“Nobody’s so damn well educated that you can’t learn ninety per cent of what he knows in six weeks. The other ten per cent is decoration.”

“Yes, sir.”

“Show me a specialist, and I’ll show you a man who’s so scared he’s dug a hole for himself to hide in.”

“Yes, sir.”

“Almost nobody’s competent, Paul. It’s enough to make you cry to see how bad most people are at their jobs. If you can do a half-assed job of anything, you’re a one-eyed man in the kingdom of the blind.”

(Source: Kurt Vonnegut, “Chapter 22,” Player Piano, 1952.)

I’m not railing against experts or so-called experts. I’ve met some exceptionally smart and experienced people in academia and industry that I think are the best of breed. I would mortgage my reputation to support them (they don’t need it anyway). But, in my observation, they are a statistically negligible population. That is, there are no experts.

There are no experts. Everyone is an expert.

For example, in 2007 I led a workshop on designing CubeSats at the Vellore Institute of Technology in Tamil Nadu, India. It was ridiculous for me to be there because the students knew more about the technical aspects than I did, i.e., I had less electrical engineering experience than they did. What did they lack? Confidence. And their administrators and professors lacked confidence that they were going to be able to do something real. So I came to town with two Japanese friends and we instilled confidence in the guise of a technical workshop.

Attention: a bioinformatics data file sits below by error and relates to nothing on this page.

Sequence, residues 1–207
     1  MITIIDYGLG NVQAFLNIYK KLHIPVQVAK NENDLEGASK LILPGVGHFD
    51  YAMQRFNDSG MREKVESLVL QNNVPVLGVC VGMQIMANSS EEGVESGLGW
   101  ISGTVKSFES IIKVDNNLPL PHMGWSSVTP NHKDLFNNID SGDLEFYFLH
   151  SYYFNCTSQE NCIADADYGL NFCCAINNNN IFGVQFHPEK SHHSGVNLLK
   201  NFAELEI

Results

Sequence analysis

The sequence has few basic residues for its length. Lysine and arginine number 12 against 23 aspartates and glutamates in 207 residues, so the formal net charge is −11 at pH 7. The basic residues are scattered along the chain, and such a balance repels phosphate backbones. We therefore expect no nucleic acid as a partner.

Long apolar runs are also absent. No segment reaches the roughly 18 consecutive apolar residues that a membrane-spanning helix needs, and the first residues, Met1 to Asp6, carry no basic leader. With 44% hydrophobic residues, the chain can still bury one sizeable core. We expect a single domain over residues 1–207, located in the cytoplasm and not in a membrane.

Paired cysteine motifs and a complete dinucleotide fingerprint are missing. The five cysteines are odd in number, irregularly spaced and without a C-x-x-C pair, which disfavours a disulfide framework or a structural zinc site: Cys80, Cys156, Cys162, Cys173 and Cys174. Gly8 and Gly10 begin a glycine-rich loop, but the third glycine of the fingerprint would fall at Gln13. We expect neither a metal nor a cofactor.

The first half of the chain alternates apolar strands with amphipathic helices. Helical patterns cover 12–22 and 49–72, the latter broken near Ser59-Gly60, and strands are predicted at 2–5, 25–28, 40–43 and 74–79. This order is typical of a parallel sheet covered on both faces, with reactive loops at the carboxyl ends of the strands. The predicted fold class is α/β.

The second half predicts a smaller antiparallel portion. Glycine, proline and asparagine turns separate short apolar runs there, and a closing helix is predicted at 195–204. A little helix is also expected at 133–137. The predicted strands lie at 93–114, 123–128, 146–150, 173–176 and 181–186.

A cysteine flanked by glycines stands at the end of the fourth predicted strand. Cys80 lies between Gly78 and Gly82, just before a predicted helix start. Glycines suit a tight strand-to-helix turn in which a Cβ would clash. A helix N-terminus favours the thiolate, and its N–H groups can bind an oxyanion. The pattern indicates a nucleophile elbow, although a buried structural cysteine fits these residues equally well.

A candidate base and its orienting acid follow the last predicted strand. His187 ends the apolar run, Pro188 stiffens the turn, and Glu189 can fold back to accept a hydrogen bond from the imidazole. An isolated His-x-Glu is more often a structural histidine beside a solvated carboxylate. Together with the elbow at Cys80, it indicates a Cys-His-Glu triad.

CubeSat workshop at Vellore Institute of Technology

Years and years ago — the latest, in 2005 — I was a staff member at Ingersoll Scout Reservation. That whole gig was about teaching confidence in the guise of technical skills. My absolutely favorite example was building a wigwam. I knew the utter basics about how to do this, i.e., what type of trees we needed to cut. I knew little about the rest. I presented the task to the twelve Scouts in our program. They completed it with just a little direction from Andy and I. At the end of the week, they thanked us for teaching them how to build a wigwam. The joke is that they taught us how to do it.

Building a wigwam

Both of these experiences were successful beyond my wildest dreams. I don’t advocate pretending to be an expert. I advocate humility. But what is wrong with the world if people like me are allowed to teach skills to other people? Maybe nothing.